Ok, truth be told, I am no Superman.
Really, I’m just a guy who had some time on his hands and decided to taste seven, count them, seven Ardbegs in one sitting. Just so you know, I am not one to get drunk. In fact, I avoid it like the plague. I’m a total control freak and loosing control in a drunken frenzy, is just not my bag.
So, how did I taste seven Ardbeg whiskies with out getting trashed? Water, food and a nearly 3 hour tasting event. I did it alone too which, for a tasting of this size and scope, I preferred. I didn’t want anyone to influence what I was tasting. Try it sometime. It’s like solitaire with booze.
Even though I posted tasting notes on some of these whiskies prior to this event, the notes below are new notes. Why would I post new notes on whiskies I’ve already posted about, you ask?? Well, things change, moods change, etc… Also, and more importantly, I tasted these whiskies one after another and my guess is that there was influence from one whisky to the next.
Oh, one last thing, Gal of Whisky Israel and I did a joint tasting of the Ardbeg Rollerocaster via Twitter and that posting will go up within the next week or two. I did notice that my individual tasting of the Rollercoaster and this tasting with the other six Ardbeg whiskies was a different experience. Watch out for that posting!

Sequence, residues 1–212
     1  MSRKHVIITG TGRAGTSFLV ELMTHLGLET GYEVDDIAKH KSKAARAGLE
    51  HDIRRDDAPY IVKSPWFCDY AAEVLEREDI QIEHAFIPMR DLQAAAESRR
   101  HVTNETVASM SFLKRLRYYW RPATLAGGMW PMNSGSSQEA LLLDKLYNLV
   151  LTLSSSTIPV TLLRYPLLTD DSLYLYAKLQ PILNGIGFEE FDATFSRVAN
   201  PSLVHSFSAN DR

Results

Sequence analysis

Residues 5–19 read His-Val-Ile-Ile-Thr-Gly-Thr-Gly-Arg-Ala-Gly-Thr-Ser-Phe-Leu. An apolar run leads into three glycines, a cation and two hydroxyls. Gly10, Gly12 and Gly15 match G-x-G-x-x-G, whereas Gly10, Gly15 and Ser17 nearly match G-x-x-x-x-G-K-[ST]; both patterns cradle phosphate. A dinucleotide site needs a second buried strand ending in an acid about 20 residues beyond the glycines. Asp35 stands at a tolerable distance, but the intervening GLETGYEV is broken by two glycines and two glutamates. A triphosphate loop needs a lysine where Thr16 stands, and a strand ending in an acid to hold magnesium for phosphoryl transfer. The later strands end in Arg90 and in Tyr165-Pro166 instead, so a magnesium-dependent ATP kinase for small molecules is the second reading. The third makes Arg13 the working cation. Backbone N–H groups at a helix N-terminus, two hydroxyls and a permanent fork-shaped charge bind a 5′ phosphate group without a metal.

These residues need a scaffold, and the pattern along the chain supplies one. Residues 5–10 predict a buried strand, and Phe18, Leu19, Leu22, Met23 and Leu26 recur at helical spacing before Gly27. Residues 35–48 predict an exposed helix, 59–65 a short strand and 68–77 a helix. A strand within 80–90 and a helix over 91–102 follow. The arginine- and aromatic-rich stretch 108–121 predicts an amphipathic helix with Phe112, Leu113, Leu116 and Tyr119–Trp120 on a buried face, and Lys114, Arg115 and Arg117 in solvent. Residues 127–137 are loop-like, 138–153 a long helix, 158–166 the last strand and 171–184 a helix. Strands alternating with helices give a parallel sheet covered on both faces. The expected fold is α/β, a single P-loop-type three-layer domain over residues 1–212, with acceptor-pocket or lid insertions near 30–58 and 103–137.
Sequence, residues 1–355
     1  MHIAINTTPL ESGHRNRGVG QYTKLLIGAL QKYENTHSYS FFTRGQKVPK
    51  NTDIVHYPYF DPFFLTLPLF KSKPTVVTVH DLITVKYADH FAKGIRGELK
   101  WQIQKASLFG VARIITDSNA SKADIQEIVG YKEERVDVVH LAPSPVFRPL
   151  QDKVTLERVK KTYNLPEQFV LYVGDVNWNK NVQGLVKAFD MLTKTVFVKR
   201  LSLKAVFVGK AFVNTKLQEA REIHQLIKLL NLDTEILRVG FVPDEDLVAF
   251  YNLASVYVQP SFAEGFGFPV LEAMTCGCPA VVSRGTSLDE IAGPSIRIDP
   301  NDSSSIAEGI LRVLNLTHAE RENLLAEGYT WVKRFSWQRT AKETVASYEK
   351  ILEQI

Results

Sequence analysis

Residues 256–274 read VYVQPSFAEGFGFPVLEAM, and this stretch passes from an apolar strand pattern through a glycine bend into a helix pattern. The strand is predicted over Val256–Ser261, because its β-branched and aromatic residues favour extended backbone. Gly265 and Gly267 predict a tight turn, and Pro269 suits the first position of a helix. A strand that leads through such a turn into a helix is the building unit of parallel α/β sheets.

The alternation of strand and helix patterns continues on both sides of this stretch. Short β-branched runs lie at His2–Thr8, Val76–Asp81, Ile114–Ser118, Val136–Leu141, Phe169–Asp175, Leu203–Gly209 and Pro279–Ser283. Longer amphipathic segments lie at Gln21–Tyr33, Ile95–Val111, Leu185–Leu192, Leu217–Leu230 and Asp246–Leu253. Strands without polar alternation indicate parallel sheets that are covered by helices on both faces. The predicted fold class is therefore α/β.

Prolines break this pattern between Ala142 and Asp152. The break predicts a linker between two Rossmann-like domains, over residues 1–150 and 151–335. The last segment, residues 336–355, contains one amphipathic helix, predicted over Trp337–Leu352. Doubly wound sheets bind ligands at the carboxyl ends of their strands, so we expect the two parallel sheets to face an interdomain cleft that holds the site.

Alright folks, I’m done with the preamble and I’m ready to taste:
Ardbeg Ten Years Old – Islay region – 46%ABV – 750ml bottle – $45 | £33 | €38
On the nose — Bright lemons right up front, sand-in-your-toes – a jog on the beach with the spray of ocean in your face (Awesome!), peat smoke (quite sweet), celery salt, rubber boots.
On the mouth — Chewy peat, there’s such a beautiful element here, lemons, fruit, something a bit synthetic, warming, oak and boat tar.
Finish — Bright and quite pleasing, tingly – what a great entry level whisky.
Ardbeg Airigh Nam Beist – Islay region – 46%ABV – 750ml bottle – $79 and up | £64 | €71
On the nose — Peat (quite warm at that), grassy but increasingly fruity, some sour milk notes (baby vomit?), oak a bitter fruits (genepa?).